Chick Can't Walk or Stand
Chick Can't Walk or Stand: I have 4 roosters (2 reds, 1 black sex link, 1 araucana mix) & 6 hens, 2 red sex link, 1 rock barred, 3 I don't know, had these for 18 months.
One of the red hens hatched a black chick, it is about 2 mo old. added 8 peeps I got for $1 each at a feed store, they are about 2 months old.
Just added 8 ameraucana peeps, they are about a month old. feed them cracked corn & crumble, they have a fenced yard about 20' x 15'.
(Electric fence outside...lots of wild life in wv) one of the ameraucana peeps seemed to not be right. She couldn't walk & sat with fluffed feathers. One morning just couldn't find her.
I figure she got out or died. Now, the black hen peep cannot walk, run or stand. She falls over. What the heck is going on?
Do I need to get him away from the rest of my flock? Is it contagious or treatable? My husband already hates me having chickens so spending money to fix this is out.
Sounds like you are going all out here! I would stop feeding cracked corn, especially to chicks. The nutritional value is poor, it's hard to digest.
Generally their prepared feed contains more corn flour and finely ground corn than anything else. Other than an occasional treat (chickens love corn!) adding corn is throwing off the scientific nutrient balance of their feed.
I suspect that over crowding is an issue, and will continue to be as all these chicks grow. Over crowding is very stressful for chickens and sadly the youngest are most at risk.
Stress leads to illness and disease. Always remove the sick from the flock. They have become a breeding ground for a potential threat to the rest of the flock, they are at risk of injury and being killed by other chickens in the group.
I'm questioning the number of roosters you have for a small flock. Generally you want one rooster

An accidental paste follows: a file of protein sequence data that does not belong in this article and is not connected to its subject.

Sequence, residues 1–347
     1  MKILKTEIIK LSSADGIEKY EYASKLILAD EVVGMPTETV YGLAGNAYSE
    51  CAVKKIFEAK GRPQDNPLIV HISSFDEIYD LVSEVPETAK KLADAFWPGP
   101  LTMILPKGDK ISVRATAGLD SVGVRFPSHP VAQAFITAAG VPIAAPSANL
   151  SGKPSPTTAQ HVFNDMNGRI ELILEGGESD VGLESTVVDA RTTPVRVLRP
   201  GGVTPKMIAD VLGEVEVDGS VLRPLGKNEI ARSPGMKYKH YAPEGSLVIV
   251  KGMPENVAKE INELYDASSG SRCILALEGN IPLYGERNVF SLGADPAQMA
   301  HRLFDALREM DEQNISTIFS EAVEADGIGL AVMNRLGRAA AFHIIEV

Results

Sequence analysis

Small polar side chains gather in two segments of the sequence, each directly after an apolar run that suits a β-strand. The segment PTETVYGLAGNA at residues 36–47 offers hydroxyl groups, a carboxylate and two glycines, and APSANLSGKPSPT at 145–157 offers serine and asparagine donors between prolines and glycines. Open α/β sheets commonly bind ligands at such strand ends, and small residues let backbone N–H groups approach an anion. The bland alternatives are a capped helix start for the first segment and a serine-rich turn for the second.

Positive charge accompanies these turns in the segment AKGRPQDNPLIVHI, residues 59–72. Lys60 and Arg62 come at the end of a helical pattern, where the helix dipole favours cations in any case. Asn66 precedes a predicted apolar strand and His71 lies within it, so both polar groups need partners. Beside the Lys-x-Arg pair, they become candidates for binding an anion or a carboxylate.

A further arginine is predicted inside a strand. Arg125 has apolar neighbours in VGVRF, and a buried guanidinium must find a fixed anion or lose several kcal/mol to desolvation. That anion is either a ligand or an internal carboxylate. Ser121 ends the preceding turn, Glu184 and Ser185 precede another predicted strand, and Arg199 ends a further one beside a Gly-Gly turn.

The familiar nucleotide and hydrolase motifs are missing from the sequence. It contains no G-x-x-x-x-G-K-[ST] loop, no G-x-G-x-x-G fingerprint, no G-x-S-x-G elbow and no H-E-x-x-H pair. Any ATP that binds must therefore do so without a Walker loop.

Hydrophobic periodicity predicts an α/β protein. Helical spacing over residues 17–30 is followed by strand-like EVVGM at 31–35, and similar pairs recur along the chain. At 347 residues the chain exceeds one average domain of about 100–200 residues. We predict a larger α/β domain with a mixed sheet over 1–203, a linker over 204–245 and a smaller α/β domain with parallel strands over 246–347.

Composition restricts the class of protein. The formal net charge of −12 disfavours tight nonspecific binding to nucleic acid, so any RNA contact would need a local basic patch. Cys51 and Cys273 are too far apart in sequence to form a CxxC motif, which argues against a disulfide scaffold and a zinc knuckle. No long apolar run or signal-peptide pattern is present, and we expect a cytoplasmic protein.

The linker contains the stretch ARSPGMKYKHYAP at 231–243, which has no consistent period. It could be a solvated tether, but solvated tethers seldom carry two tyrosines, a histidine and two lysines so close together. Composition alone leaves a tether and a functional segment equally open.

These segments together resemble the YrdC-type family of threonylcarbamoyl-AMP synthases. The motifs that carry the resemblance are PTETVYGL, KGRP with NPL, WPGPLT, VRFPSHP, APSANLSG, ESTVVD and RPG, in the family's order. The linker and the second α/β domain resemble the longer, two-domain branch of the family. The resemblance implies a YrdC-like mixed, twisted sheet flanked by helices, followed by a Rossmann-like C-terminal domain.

per 12 hens.
The boys will likely become more and more possessive over the flock as they mature and this leads to a stressful life for the whole flock and especially the lower ranked roosters.
If you have just mixed all these ages together in one coop and communal pen you could be asking for trouble.
10 square feet per adult might seem like a lot, but chickens are territorial and competitive. Your pen would be an OK size for 3 adults that never get out to free range.
Young chicks in a flock without a mother are the lowest in rank. But any chicks will probably be bullied by adults and juveniles.
They will have to compete for food and space and may have to spend valuable time and energy running and hiding and growing new feathers to replace the ones plucked out by other chickens, rather than peacefully eating, resting, growing and exercising.
The smallest are "easy pickin's" and there is a reason flock structure is called "pecking order". Pecking order is normal in any chicken group from day old chicks to the fully mature hens and roosters.
The proper number of chickens for the area you have, or expansion, good separation between chicks and chickens of different age/size, added to good nutrition, will make for a much healthier and enjoyable chicken experience.
Just as in nature, over crowding generally leads to dwindling numbers. Competition for food and stress levels lead to poor immune systems, often leaving animals with no defense against environmental challenges and disease.
Chickens respond to over crowding by picking on the weaker and smaller flock members. In nature these advances would work to drive weaker ones away from the main flock, making living conditions more favorable for the highest ranking members.
In a confined area the weak cannot leave and are often subject to constant harassment.
If you have chickens for their wonderful eggs, it will be in their best interest and yours, to attain a good balanced life for all and not overextend yourself our your resources.